Many workers dread performance reviews because they're awkward and uncomfortable, and some managers aren't fans, either. But if you're tasked with delivering a series of reviews, you'll want to make them as helpful and effective as possible.
With that in mind, here are a few things you shouldn't do during those reviews.
1. Focus Only on the Negative
The purpose of performance reviews is to tell employees what they're doing right and where there's room for improvement. But if you fixate on the latter too much, your employees might start to think that in your mind, they can't do anything right. That, in turn, can hurt their morale and make them question whether they ought to stay on board.
Therefore, when you give your reviews, aim to have, at the very least, an equal mix of positive and negative things to say. Maybe you have an employee who's terrible at giving presentations because their public-speaking skills are sorely lacking, but if that person always researches their points thoroughly, give that a mention as well. You might say, "Your presentations are extremely well-thought-out. Now let's work on your public-speaking skills to better do them justice." This way, you're not just being overly critical.
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2. Criticize Without Offering Concrete Solutions
As a manager, it's your job to make your employees aware of their shortcomings. At the same time, simply telling them what they've been doing wrong probably won't do much to help them get better. If you really want to see their performance improve, go into those reviews with concrete suggestions on how to address the challenges they've been facing.
For example, if you lead an IT team and have an employee whose updates consistently result in system bugs and network issues, don't just tell him that his carelessness is unacceptable. Instead, find a course that'll refresh or expand his knowledge, and suggest that he sign up for it. If you can get the company to help subsidize its cost, even better.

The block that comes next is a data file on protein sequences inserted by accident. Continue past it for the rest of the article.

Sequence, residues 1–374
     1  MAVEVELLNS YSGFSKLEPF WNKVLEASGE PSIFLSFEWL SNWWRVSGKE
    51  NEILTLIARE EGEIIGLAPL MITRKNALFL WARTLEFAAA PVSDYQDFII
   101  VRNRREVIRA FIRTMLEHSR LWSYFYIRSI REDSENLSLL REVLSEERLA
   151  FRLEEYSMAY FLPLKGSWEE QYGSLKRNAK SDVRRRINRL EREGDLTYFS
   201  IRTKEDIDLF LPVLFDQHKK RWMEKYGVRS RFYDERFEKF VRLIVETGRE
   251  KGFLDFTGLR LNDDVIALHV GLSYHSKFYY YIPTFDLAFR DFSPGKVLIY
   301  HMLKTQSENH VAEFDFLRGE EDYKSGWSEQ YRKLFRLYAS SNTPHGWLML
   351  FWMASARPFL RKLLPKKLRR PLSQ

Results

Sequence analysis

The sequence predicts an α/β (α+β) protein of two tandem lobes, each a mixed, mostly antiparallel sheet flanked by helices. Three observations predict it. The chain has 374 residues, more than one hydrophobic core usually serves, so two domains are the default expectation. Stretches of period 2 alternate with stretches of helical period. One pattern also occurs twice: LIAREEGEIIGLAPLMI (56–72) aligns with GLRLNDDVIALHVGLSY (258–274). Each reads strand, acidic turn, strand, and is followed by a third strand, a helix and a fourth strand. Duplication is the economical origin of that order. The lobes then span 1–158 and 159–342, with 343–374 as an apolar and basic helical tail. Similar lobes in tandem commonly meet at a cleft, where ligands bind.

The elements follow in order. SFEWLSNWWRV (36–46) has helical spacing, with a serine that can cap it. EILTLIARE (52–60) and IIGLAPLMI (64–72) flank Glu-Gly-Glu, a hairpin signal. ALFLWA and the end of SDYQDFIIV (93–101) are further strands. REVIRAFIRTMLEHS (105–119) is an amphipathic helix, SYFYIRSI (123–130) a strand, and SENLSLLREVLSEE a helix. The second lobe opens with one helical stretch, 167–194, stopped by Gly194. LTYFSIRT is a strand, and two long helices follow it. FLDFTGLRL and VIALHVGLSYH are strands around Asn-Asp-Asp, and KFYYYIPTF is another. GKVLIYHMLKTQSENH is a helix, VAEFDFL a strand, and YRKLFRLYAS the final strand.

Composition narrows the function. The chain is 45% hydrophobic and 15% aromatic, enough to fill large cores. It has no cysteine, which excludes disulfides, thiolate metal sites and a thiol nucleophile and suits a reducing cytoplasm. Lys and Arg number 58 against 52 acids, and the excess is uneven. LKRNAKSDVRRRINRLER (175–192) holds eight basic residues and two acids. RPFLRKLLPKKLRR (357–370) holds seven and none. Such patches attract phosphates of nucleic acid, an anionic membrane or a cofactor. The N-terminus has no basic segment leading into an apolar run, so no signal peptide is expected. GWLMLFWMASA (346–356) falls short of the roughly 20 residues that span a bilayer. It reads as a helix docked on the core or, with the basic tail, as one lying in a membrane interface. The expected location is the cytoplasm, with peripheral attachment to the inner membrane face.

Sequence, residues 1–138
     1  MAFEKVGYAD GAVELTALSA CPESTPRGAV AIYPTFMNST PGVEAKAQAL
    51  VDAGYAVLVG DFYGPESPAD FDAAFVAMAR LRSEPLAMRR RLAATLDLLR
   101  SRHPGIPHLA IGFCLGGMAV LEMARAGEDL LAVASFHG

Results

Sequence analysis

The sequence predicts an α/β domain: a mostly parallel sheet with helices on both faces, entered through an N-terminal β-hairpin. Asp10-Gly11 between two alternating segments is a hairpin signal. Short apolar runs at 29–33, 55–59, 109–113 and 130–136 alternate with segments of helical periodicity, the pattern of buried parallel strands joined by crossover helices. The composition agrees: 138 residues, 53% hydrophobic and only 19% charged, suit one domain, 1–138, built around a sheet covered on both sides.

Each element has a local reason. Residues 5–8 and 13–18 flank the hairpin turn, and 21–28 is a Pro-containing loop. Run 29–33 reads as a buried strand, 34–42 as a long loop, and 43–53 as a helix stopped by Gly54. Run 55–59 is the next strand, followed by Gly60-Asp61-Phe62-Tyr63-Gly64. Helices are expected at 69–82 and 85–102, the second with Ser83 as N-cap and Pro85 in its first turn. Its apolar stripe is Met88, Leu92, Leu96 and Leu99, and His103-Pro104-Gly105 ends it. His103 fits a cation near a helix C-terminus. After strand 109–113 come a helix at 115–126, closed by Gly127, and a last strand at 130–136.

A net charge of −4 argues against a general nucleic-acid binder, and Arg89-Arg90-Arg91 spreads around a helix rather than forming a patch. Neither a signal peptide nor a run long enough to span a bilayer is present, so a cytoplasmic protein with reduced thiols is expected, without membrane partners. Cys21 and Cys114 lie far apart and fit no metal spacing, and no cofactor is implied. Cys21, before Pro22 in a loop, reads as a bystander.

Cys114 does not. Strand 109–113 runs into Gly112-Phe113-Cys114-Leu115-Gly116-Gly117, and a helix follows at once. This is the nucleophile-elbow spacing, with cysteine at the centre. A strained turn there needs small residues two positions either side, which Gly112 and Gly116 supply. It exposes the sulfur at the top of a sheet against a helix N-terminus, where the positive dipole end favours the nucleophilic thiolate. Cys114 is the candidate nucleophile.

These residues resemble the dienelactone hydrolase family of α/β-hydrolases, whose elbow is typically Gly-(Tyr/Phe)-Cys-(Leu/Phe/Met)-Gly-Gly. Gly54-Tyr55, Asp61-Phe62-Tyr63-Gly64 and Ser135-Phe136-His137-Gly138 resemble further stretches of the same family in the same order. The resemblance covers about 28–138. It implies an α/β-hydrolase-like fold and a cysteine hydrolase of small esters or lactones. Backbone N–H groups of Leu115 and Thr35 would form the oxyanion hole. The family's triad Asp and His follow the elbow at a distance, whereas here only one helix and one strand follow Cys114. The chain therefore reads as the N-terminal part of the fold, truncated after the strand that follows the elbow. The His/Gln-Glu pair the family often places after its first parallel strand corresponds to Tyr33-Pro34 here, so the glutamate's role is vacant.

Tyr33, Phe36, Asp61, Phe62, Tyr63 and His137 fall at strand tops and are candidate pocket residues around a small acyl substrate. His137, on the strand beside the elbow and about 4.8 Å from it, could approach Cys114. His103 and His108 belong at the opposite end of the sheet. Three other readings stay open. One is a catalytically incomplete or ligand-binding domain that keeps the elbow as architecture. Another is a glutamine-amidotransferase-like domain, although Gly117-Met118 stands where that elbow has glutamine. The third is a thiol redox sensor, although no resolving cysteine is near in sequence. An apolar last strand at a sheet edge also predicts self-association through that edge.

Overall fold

3. Deny Your Employees the Chance to Respond
Performance reviews shouldn't be one-sided. As the boss, you might be in charge of guiding those reviews and making sure you get a chance to convey key points, but that doesn't mean your employees should have to sit there silently, nodding along to your feedback. Rather, give them a chance to respond to your comments and ask any questions they might have.
If, for example, you ding an employee for not meeting project deadlines, that person might want a chance to explain that he's often forced to rely on other people's contributions that tend to come in at the last minute. Granted, that might not change the outcome of that review, but it might prompt you to address the greater issue at hand.
Performance reviews can be extremely productive if you go about them the right way. Avoid these mistakes, and with any luck, you and your employees will walk away from those conversations feeling good about how they went.
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This article was originally published on The Motley Fool. It is reprinted with permission.